Three cases of the Covid-19 variant of concern, which was first identified in Japan but which is associated with Manaus in Brazil, have been identified in Scotland. They relate to three individuals who travelled from Brazil to Aberdeen via Paris and London. As members would expect, contact tracing has been undertaken and close contacts have been followed up and offered testing, as usual.
In an additional precautionary step, the close contacts of those contacts have been identified and followed up. That additional step is being taken to ensure that all possible precautions are under way. Passengers on the Heathrow to Aberdeen flight on the afternoon of 29 January, flight BA1312, are being contacted. However, because not all the data that we have received about its passengers is correct, we are asking anyone on that flight who did not provide up-to-date contact details to call the national health service national contact tracing centre on 0800 030 8012.
There is currently no evidence of community transmission, but that is of course being closely monitored by Public Health Scotland and the public health team at NHS Grampian, with our national clinical advisers in close contact with both.
The variant is of concern because of the possibility that it is more contagious than the current dominant Covid-19 strain in Scotland and because of how it responds to current vaccines. The extensive and detailed work to reach a confirmed expert view on both those aspects continues.
The cabinet secretary will be aware that the Brazilian variant has now been found in 15 countries that are not on the United Kingdom Government’s red list. Does the cabinet secretary accept that current border restrictions cannot adequately protect people in Scotland from this concerning strain of Covid-19?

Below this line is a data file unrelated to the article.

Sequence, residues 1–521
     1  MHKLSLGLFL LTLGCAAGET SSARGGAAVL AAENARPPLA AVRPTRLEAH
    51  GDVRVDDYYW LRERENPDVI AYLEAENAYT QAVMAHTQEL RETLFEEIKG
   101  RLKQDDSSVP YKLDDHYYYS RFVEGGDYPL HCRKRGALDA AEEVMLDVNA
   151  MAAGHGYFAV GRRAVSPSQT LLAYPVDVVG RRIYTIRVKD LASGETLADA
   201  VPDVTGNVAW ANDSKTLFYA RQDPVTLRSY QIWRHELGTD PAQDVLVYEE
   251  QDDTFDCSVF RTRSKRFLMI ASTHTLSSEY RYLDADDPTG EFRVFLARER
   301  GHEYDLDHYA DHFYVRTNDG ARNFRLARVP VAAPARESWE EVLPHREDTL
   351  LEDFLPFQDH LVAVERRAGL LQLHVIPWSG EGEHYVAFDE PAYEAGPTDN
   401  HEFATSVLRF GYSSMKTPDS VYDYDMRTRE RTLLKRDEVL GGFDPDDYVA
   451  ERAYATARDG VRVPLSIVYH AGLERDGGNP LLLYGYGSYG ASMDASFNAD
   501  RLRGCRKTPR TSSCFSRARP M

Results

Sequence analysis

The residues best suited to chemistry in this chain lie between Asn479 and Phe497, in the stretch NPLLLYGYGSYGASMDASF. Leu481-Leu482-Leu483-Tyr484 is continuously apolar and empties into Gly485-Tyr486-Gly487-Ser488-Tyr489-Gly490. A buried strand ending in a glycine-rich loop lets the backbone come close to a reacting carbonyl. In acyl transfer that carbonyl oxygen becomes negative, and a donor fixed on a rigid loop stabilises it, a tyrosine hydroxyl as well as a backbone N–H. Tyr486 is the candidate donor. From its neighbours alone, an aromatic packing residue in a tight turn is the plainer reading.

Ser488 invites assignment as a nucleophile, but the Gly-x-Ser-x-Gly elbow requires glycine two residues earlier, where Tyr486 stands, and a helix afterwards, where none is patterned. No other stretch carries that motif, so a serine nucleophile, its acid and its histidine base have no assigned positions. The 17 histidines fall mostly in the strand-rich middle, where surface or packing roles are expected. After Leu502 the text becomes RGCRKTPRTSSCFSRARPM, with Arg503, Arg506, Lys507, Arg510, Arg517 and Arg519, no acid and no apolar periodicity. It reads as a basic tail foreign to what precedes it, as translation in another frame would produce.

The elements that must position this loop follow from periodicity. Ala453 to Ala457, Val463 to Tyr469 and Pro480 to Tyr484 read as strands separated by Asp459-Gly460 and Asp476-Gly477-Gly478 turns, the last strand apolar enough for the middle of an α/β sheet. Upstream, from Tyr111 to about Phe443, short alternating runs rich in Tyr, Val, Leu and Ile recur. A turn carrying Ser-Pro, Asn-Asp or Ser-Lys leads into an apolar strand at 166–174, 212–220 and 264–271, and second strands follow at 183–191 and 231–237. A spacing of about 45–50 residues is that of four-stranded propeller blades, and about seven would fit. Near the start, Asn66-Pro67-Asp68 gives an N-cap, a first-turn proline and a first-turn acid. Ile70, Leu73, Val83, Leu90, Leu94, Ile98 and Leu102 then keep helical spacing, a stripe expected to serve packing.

I absolutely do, as does the Scottish Government, which is why we want much tougher protections on our international borders, around the whole UK, for all international travellers. As Ms Johnstone rightly says, the variant has been detected in other countries that are not currently on the red list.
It is important to recognise that, although we have advanced genomic sequencing capacity in Scotland and in the rest of the UK, that is not necessarily the case in countries around the globe. Therefore, it is difficult for those countries to know whether they have any particular variant, which makes it difficult for the global position to be understood. One of the key ways that it can be understood—with citizens here and elsewhere therefore protected—is to have that managed isolation system and the testing that is part of it, so that genomic sequencing can be carried out and variants can be identified.
As Ms Johnstone knows, the point of the virus, like all viruses, is to mutate whenever it is given the opportunity, and it is those mutations that we need to be able to identify quickly and against which we can then act in order to protect our citizens.
A representative number of positive polymerase chain reaction samples in Scotland are genomically sequenced. That number can be increased when we have situations such as this one, where a variant is identified. The figure is around 4 to 5 per cent in normal times, but it can be increased. Additional testing and sequencing provisions are in place for people returning from travel abroad.
As recently as yesterday, I had a further conversation with our chief medical officer, who will pursue the option of further increasing genomic sequencing capacity in Scotland. As we look ahead, we can undoubtedly see, alongside our increased testing capacity, additional precautionary and protective steps, in that further genomic sequencing on the basis of an increased sampling of positive PCR tests might give us further protection measures.
Having read about the circumstances surrounding the three people from the north-east who came back from Brazil with the new strain, I have concerns about the risk of new strains being brought in by people who start their journeys in high-risk areas but travel via airport hubs in countries that are not currently deemed to be high risk. I am concerned that people are not being required to quarantine at their point of entry into the UK, to prevent them from spreading infection as they make their way to their final destinations.